philosophy about teen sexual activityoccurs — including more comprehensivesex education and information about
 birth control methods based on facts, not
superstition or fears — as well as easier 
access to pregnancy prevention, the
unacceptably high risk of future-destroyingor abortion-inducing teen pregnancy will go
on unabated. Hopefully, the president andhis HHS Secretary will be more exible on
Plan B when the FDA tries to OK it againin the near future.
dangerous than using it for disease Y, sincethe FDA has already deemed it sufcientlysafe to use in the rst place. (Of coursethere are exceptions–no doctor wishing to
hold onto his license will prescribe a cancer drug for a backache).But that cancer drug may be very useful
in treating noncancerous diseases, and thishighlights some of the real benets of off-label drug use–something most people are
unaware of.
Certain chemotherapeutic agents areeffective for treating autoimmune diseases,such as lupus, multiple sclerosis and rheum-atoid arthritis–three god-awful diseases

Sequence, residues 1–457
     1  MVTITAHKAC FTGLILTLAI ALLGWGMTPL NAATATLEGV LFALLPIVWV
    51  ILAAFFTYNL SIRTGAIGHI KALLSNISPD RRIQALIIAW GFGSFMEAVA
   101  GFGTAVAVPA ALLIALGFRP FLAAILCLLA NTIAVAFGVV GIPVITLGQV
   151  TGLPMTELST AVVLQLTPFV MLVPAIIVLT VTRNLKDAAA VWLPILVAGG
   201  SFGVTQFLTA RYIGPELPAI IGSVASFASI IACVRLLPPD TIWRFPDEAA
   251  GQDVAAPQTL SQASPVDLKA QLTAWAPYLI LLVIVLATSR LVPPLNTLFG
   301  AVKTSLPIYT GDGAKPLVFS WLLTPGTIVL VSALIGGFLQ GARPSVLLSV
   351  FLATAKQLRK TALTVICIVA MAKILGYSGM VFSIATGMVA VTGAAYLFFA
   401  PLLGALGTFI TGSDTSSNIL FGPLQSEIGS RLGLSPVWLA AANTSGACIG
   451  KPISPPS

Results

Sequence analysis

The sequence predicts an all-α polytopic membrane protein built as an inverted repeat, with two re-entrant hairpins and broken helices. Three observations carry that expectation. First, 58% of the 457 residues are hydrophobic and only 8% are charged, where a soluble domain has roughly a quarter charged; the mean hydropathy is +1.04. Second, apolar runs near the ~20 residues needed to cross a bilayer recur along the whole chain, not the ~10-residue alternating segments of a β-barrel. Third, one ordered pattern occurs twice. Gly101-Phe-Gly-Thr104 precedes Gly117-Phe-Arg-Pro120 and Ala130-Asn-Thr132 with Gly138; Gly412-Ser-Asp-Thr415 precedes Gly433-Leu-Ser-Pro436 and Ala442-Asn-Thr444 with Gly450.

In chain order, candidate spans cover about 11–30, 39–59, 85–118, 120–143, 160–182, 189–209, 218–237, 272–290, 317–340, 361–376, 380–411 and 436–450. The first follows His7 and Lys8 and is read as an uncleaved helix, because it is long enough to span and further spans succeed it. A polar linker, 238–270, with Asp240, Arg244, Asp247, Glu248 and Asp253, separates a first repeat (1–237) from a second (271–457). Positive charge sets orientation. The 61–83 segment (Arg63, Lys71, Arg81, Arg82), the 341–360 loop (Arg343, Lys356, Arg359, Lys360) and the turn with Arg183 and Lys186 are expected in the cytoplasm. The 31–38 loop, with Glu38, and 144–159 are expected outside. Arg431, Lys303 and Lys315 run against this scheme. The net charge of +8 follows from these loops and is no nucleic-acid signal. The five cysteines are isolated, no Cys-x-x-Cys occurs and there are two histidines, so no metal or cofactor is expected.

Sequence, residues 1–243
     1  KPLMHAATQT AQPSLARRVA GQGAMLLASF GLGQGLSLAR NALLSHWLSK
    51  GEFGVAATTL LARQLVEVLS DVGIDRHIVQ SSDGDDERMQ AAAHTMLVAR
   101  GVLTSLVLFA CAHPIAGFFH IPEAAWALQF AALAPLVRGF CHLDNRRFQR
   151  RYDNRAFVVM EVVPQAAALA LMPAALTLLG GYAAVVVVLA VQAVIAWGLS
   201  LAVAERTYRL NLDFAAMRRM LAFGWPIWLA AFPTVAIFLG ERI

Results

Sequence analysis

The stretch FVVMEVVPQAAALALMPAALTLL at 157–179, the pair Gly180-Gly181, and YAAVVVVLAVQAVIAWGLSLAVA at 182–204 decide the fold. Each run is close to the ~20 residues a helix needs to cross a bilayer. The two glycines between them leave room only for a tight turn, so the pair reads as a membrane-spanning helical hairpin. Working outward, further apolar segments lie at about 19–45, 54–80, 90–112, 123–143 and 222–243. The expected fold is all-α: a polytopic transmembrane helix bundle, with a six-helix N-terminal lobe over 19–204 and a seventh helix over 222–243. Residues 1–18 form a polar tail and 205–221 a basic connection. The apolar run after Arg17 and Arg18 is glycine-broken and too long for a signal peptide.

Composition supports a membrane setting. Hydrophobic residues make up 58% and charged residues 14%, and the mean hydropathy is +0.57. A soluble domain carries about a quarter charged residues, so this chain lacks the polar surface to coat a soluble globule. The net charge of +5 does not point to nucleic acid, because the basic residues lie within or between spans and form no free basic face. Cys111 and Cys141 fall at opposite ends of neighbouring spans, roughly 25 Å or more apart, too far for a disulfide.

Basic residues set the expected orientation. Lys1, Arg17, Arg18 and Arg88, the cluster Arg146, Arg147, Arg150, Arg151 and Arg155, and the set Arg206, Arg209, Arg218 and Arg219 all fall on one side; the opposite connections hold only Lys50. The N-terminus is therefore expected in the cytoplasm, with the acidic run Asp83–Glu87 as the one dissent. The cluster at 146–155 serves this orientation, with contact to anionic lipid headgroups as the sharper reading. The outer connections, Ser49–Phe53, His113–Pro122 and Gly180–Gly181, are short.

that may not respond to other therapies.
And there are many others. Singulair,
originally approved for asthma is used off-label for chronic obstructive pulmonary
disorder (COPD). Antidepressants areused to treat chronic neuropathic pain, asis Neurontin, originally an epilepsy drug.Seroquel, and anti-psychotic drug is used
as an adjunct in treating depression.The beta-blocker heart drug Inderal is
also used for treating migraine headaches,stage fright and PTSD. And Zofran, which
revolutionized cancer chemotherapy bysignificantly reducing nausea andvomiting is used off-label for treatment
of hyperemesis gravidarum, a severeform of morning sickness, which put Kate
Middleton in the hospital this week.
To me, the entire concept that
 providing information to doctors needs to
 be articially constrained is based on the
 presumption that we need to be protectedfrom greedy and dishonest drug reps and
doctors. I don’t buy it. Yes, I’m sure there
are some bad apples out there (as there are in
any profession), but on the whole I believe
this decision will provide a substantial net
 benet to patients.
continued from page 1